Hot Tip: APY for deposit accounts are usually variable — meaning that the APY can change with the market rate even after the account is opened.
Unlike APR, APY does not consider any fees, as it is in the bank or financial institution’s best interest to have this number appear as high as possible to win your business.
Again, it’s probably easiest to check out an online APY calculator, but if you want to calculate this yourself, the formula is:
[(1 + (interest / number of compounding periods) ^ compounding periods] – 1 = APY
Let’s look at an example:
Imagine you open a savings account with $30,000 at a 2% interest for 5 years, which compounds monthly. The actual APY is 2.02%, which differs slightly from the 2% interest that was advertised. The higher APY means that you’ll slightly earn more on your loan over time.
If you want a higher APY, you’ll want to look into high-interest savings accounts. Your best bet for the highest rate is to find an online bank, as they won’t have as much overhead as traditional brick and mortar banks. This means savings can be passed along to you in terms of a higher APY!
Some banks and financial institutions also offer a higher APY if you keep a certain (higher) amount in your account, so it’s worth asking your current bank if they have any offers like this available
Regardless, shopping around and comparing rates from different banks — both online and in-person — will help you land a better rate.
Earlier we noted that the main difference between APR and APY is compound interest. But what does this mean? Compounding interest is important to understand because as an investor, you want to maximize compounding interest on investments while minimizing it on your loans.
Compounding interest earns (aka pays) interest on interest you’ve previously earned. This compounded interest can be added to the principal sum of your deposit or loan and will continue to earn money at an ever-accelerating rate in the future. Simply put, as Benjamin Franklin stated: “Money makes money. And the money that money makes, makes money.”
Compound interest is different from simple interest in that simple interest is calculated by multiplying the daily interest rate by the number of days between payments and previous interest payments aren’t a factor at all.
For example, let’s say you have a savings account with $20,000 in it and you have an APY of 2%. Assuming you don’t add anything else to your account, at the end of 5 years you’ll have:
While this isn’t a huge difference, over time, you will start to accumulate a much larger investment due to compounding interest. This is further magnified if you make regular deposits into your account. It’s also important to look at how often interest is compounding — from annually all the way to continuous. More frequent compounding of interest is good for an investor. For a borrower, the opposite is true. Either way, this difference can make a huge impact on the amount you can make or save on your investments.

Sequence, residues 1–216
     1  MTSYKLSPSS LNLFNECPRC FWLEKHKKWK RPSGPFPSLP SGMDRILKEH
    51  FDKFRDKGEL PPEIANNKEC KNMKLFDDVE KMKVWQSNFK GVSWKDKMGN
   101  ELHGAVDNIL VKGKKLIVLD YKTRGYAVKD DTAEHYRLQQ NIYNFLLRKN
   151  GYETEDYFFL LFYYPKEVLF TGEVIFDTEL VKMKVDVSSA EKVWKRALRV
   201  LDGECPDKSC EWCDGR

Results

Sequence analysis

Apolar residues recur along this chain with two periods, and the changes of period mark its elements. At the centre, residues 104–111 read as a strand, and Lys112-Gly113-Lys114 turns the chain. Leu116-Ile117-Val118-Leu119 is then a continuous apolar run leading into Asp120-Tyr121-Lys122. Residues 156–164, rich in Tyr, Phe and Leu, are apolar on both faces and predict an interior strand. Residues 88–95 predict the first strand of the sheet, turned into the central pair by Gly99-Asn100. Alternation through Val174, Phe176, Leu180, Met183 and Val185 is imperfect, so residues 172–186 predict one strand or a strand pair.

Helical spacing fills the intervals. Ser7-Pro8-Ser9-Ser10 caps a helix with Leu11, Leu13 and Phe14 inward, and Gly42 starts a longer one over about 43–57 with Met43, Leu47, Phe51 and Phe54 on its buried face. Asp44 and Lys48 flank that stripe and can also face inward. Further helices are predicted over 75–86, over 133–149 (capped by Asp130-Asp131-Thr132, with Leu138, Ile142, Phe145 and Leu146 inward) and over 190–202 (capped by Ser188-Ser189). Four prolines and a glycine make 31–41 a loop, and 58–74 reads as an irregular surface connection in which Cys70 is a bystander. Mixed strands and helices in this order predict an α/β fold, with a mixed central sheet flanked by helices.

Hot Tip: If a loan compounds only once annually, APR and APY would be the same if there are no other fees associated with the loan.
When you’re looking to borrow or invest, you should be aware that you’re not always comparing apples to apples. There are big differences between APR and APY, including fees, compound interest, and more that you need to factor in. This can make it difficult to compare loan and investment products.
Knowing key facts about potential options (such as how often interest is compounded, any financing fees, etc) is important. You can use this along with the calculators we’ve linked above to make sure you’re comparing APY to APY between potential options — instead of APR to APY. This will help you make the best choice for your loan or investment!
APY and APR are 2 separate things. APY is typically quoted to investors, while APR is typically quoted to borrowers. Which one is better is determined by whether you are an investor or a borrower.
You’ll want to see a higher APY if you are an investor because it means you’ll earn more on your investments. You’ll want to see a lower APR if you are a borrower because it means you’ll pay less in interest payments.
APY stands for annual percentage yield and will show you the amount of interest your investment could earn in 1 year, taking compound interest into consideration. The higher your APY, the more your investment could earn. You’ll typically see APY quoted to an investor for things like savings and money market accounts.
The main difference between APR and APY is the impact of compounding interest. In addition, APR is usually associated with credit and loan accounts. APY is usually associated with deposit or investment accounts.
If you want to compare multiple products, but are quoted different rates, you can use online calculators to convert APR to APY (or the opposite). This helps you make a better decision since you can compare products more directly.
APR stands for annual percentage rate and measures the amount of interest you’ll be charged when you borrow. It factors in financing fees you’ll pay but does not include compound interest. Overall, the lower the APR, the less you may have to pay in interest. You’ll typically see APR quoted to a borrower for things like credit cards and loans.